Creating headstocks with straight string pull

Discussion in 'Guitar Building' started by Djente, Jul 25, 2016.

  1. Djente

    Djente New Member

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    Hey guys,

    I have been looking at adding a few new headstock designs to my arsenal and wondered if anyone had some solid tips on getting the tuner holes in the right place for straight string pull.

    My previous methods have included making a template then super gluing a nut onto the template and installing tuners to test the string pull and then making a new template and re-drilling the holes with tightly crossed fingers... On a bad day this takes at least 9 attempts and 90% sanity, someone rescue me!

    Jack
     
  2. bmac6502

    bmac6502 Member

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    You can math it all out, if you are meticulous. When making a headstock template, do the following:

    1) establish a center line

    2) establish the width of the neck at the nut, and the back edge of the nut. If the start of the headstock and the back of the nut are not the same location (i.e. strats, where the nut is set into the fretboard), then mark where the headstock template will start in relation to the nut (this is just so you know where to line up the template on the headstock later when you make a real headstock).

    3) calculate the COMPENSATED locations of the slots in the nut, and mark them where the nut will go.

    4) project the locations of the slots in the nut out parallel with the center line

    5) Grab one of the tuners you plan to use. Using calipers, measure the diameter of the tuning post, then divide by 2 to get the radius of the tuning post.

    6) For each string, take the thickness of the string and divide by 2.

    7) For each string, take the previous two values and add them together. This is the critical distance. If you place the center of a tuning post this distance from the string, the string will pull straight. Obviously, it's only perfect for the gauge of string that you use, but if you choose a string gauge in the middle of the range (Say, 10-46 for six strings) then it will usually be good enough for a wide range of string gauges.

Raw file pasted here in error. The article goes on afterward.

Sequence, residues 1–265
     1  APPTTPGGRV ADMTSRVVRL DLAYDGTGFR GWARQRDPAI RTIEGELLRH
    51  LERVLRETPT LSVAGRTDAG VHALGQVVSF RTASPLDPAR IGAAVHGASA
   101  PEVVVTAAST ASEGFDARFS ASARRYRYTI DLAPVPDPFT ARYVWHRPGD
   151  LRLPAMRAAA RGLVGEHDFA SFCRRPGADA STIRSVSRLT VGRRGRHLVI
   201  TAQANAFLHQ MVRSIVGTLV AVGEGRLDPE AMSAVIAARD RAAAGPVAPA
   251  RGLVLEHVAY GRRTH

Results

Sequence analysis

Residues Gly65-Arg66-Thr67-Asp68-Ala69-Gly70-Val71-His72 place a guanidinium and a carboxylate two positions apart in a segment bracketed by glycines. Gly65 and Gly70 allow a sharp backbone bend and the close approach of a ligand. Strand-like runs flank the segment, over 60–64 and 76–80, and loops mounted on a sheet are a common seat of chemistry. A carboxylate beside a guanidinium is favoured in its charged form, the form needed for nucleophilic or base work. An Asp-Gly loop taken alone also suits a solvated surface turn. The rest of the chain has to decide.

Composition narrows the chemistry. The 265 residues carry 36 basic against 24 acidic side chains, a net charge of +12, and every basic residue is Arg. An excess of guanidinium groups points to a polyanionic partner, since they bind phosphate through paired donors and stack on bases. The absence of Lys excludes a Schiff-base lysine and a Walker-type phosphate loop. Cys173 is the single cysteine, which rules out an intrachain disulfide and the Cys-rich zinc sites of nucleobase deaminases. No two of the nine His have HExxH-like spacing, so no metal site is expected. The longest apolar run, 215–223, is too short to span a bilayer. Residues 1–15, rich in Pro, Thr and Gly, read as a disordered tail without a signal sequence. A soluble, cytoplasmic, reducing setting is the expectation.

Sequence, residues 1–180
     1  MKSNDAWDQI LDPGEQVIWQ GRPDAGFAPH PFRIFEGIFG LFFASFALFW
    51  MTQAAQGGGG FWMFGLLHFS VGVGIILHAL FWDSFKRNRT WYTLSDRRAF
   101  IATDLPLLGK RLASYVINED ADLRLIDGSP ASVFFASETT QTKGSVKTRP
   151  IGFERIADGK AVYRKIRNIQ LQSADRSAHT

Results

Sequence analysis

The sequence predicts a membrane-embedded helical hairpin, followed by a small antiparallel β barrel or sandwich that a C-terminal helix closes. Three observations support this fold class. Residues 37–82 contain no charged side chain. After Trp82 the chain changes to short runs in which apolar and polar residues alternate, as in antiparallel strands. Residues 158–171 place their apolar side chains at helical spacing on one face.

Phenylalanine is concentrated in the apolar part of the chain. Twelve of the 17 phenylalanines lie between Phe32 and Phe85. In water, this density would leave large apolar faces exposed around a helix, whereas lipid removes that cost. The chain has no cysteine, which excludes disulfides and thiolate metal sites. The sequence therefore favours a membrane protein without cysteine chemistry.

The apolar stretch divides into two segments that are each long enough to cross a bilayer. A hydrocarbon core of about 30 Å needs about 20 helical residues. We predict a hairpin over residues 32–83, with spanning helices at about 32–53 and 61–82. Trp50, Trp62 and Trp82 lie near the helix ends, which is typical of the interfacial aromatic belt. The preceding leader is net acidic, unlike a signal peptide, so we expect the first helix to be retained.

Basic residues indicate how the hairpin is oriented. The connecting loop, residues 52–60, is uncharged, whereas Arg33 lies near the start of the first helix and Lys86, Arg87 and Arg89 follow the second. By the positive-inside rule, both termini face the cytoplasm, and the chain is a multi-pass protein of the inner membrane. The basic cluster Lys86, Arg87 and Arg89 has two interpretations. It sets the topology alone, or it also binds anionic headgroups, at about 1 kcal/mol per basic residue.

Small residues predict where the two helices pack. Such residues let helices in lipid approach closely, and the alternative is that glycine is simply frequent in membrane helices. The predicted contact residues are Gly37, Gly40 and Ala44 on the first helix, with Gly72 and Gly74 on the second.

8) Take the all the tuners, lay them on the template, and play around with arranging them. You are just ballparking here so you don't need to be too precise, and it's a good idea not to try and cut it too close with your arrangement. You are looking for an arrangement that does three things:
    * the line of each string just grazes the outside of the tuning post
    * none of the tuners are in each others way.
    * looks nice

    9) Mark the string line where each tuning post touches its string line.

    10) Take your measurement for each string from step 7. Measure that distance from the mark on that string line, exactly perpendicular. That is the exact location of the center of your tuning post.

    11) Measure the bushing on the tuning post and drill a real hole that size, at the center mark of the tuning post. Now you can actually insert your tuners into the template. You can play with the angles of the tuners/keys until you are happy, and then drill any other anchor screw holes to fully fix the location and angles of the tuning keys.

    12) Now, with the tuners actually installed in the template, you can trace out your headstock shape. Watch out for:
    * don't get too close to the tuner casing
    * don't leave the wood too thin between the headstock edge and the tuner bushing
    * don't crowd the tuning key so much that it will be hard to grip and twist the key.

    13) Remove the tuners from the holes, and cut the headstock shape.

    You now have a precision template. Note that since this process made use of the width of the neck, the number of strings, and the size/shape of the particular tuners, if you change any of those things, you have to start over with a new template. String gauge, as mentioned, also affects this, but you can get away with a little bit of a range there (i.e. 10s on the high e is usually close enough for anything between 8 and 11, maybe even a 12.)
     
  3. Djente

    Djente New Member

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    Thanks a lot Bmac, Really appreciate the effort you've gone to there!

    Will whip the callipers out and get to work on some new designs tomorrow... This should definitely save me some quality plywood! ;) Will post some pics of the headstocks when they are done.
     
  4. BlackSG91

    BlackSG91 Member

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    I hope it works out for you!
     

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